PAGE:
Published in Inland Waterways
Tagged under

#thisislandnation – After an absence of several years it is a pleasure to return to the airwaves, a decision I have taken in pursuance of my belief that the national media is seriously neglectful of maritime matters. The marine sphere is not adequately served by the national media, print or broadcast. The specialist media such as AFLOAT and community radio offers an alternative voice, so do social media outlets.

THIS ISLAND NATION is a monthly hour-long radio programme of which the first edition available here on Afloat.ie highlights the decay forced upon coastal communities by government and EU policies.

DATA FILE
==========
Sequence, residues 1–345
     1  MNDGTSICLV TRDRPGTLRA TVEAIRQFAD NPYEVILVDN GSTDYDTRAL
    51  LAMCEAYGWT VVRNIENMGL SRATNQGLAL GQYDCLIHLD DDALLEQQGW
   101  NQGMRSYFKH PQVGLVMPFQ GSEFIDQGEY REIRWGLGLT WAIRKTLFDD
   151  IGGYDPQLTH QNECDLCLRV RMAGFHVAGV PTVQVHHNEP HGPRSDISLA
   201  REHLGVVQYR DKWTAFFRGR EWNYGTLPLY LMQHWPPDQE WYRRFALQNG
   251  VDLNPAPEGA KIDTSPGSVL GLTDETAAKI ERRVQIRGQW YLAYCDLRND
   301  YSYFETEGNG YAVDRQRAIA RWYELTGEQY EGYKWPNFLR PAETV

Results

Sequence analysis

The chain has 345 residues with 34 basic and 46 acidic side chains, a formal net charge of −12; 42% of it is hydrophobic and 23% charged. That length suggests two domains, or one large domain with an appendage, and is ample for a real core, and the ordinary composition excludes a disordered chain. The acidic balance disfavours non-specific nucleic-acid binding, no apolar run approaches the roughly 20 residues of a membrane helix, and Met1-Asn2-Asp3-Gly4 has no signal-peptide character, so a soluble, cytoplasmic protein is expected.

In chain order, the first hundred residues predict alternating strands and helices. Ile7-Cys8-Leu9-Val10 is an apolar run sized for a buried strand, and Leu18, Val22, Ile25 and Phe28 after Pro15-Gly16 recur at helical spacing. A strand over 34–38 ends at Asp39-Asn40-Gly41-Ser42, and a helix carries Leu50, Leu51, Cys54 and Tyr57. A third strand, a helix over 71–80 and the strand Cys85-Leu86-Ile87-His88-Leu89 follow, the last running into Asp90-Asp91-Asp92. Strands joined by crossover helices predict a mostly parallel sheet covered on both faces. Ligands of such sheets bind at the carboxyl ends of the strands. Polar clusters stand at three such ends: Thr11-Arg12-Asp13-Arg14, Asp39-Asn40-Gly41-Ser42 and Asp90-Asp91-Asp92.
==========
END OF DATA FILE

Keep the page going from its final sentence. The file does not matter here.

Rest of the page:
Sean Doherty, who I interviewed for my programme at the 'EMPOWERING COASTAL COMMUNITIES' Conference in County Waterford, is a man who is trying to preserve his local community at Cheekpoint on the Waterford Estuary. He describes how the ending of the drift net fishery, followed by the closure of the eel fishery, has contributed to what he sees as the destruction of his community. Men earned a living from the fisheries for their families, others were employed to maintain engines on the boats, more had work repairing the fishing boats and local restaurants served their catches as local produce. But these aspects of life in Cheekpoint no longer exist. The village has suffered heavily. His interview indicates how decisions were made by politicians and State administrators without carrying out any examination of the social effects and the damage they would cause to the communities affected. Those communities were treated with disregard and what amounts to contempt for their future. It is a sombre story.